If you walk the path
you will arrive at the end of suffering.
Having beheld this myself,
I proclaim the Way
which removes all thorns.
Dhammapada v. 275
It is not necessary to move through life perpetually afraid of being skewered by the barbs of painful human interaction. All beings, including the Buddha himself, are subject to the eight worldly winds: praise and blame, gain and loss, pleasure and pain, honour and insignificance. However, awakened beings are so completely transparent, so completely free from resistance, that they are always able to accord with it. They live unobstructed in their relationship with everything and everybody. Having walked the path to its end, they know beyond all doubt that to cling is to suffer. Wisdom shows them how to hold to life without creating pain, without spoiling it.
The fragrance of virtue
surpasses by far
the fragrance of flowers
Dhammapada v. 55
The simple but significant message of this Dhammapada verse is that we need to take care to not be overly impressed by outer forms, or the material dimension of things. Certainly the fragrance of wild roses can be very beautiful, but the heart’s ability to let go of resentment and forgive, even when it is difficult to do so, is more beautiful.
Better than ruling the whole world,
better than going to heaven,
better than lordship over the universe,
is an irreversible commitment to the Way.
Dhammapada v. 178
In which direction do we look when we seek security? For some it is towards greater happiness. Others look for an increased sense of sovereignty or control. The Buddha’s advice is to establish oneself in an irreversible commitment to Truth. To have reached a stage of awakening which is irreversible, known as Stream Entry, the Buddha says offers incomparable security; better than any level of conventional happiness or state of worldly power.
Beware of contrived utterance
and be aware in all that you say.
Renounce all cunning speech
and cultivate that which is wholesome.
Dhammapada v. 232
These days perhaps more so than ever before, thanks to technology, we run the risk of being heedless in our speech. This is not to blame technology, just to notice how technology amplifies the consequences of our activity. The Buddha identified three types of activity (kamma): intentional action by way of body (kayakamma), intentional action by way of speech (vaccikamma), intentional action by way of mind (manokamma). All three have consequences, but possibly with speech we underestimate those consequences. Consider how a few ill-considered remarks can have far reaching harmful effects. And, likewise, how just a few carefully considered comments can make a world of difference to the well-being of another being.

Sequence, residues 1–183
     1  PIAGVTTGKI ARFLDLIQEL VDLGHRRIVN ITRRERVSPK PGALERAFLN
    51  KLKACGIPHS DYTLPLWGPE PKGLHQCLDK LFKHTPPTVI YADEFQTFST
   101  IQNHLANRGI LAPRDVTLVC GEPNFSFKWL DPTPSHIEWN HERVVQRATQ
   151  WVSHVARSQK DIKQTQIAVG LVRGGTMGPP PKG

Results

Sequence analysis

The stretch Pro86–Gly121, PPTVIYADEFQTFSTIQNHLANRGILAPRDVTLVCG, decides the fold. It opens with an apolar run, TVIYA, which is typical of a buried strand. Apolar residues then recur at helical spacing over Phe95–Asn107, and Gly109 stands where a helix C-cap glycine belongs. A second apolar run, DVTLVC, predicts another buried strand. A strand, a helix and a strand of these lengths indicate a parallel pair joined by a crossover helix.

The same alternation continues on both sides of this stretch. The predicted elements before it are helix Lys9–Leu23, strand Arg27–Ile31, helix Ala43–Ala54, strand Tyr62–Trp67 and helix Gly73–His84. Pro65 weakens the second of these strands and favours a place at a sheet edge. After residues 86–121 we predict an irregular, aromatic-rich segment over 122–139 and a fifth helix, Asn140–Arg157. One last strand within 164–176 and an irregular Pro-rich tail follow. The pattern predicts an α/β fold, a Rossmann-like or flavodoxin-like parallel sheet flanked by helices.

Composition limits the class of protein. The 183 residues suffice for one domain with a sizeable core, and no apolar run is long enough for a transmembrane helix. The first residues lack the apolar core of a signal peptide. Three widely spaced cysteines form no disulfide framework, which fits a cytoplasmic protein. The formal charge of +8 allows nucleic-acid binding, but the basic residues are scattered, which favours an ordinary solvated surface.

Those who while still young
neither choose a life of renunciation,
nor earn a good living,
end up like dejected old herons
beside a pond without fish.
Dhammapada v. 155
In English we have the proverb, ‘Make hay while the sun shines’. The meaning of this saying is simple: it is wise to act while conditions are favourable. The illustration that Dhammapada verse 155 gives us goes further telling us what happens when we don’t act wisely. So long as our efforts to plan for the future are associated with whole body-mind, judgement-free awareness, we need not be concerned about losing our grounding in the reality of this present moment. We only risk becoming lost when we haven’t adequately prepared ourselves with the ability to reflect wisely.
Those who know the uncreated,
who are free and stilled,
who have discarded all craving,
are the most worthy beings.
On this Full-moon day of May, as we mark Vesakha Puja, let us consider what the Buddha held up as being most worthy of attention. We are already well informed in regards to ‘the created’ world i.e. all the conditions which we see arising and ceasing. And we have heard many times how all that is born dies, all that arises ceases, all conditioned phenomena are in a state of perpetual change. The Buddha’s realization shows us that it is possible to awaken to what he called ‘the unconditioned’, ‘the uncreated’, ‘the unchanging reality’. Realization of this reality, he taught, is what is truly dependable and therefore truly worthy of attention. So how might we arrive at this realization? One approach could be simply to keep asking the right questions: What is the uncreated? What is the unconditioned? What is the undying? We then contemplate that any condition, any idea, any sensation that arises when we ask such questions, is not it – and we keep letting go.
The sun shines by day,
the moon shines by night.
But both all day and all night
the Buddha shines in glorious splendour.
Dhammapada v. 387
There is no denying that when we look around us there is a lot of darkness. And we might well be thinking that some of ‘the Buddha’s radiance’ would be very helpful right now. But where do we imagine the Buddha’s radiance is to be found? Do our thoughts go back 2600 years to ancient India; or perhaps to the Awakened teachers dwelling in forests somewhere? The Buddha taught that this radiance which he realized already exists within the human heart when it is freed from an inflated sense of self-importance. An exaggerated sense of self-importance gives rise to greed, hatred and delusion which obstruct the natural light, clarity and kindness that is there as potential within us.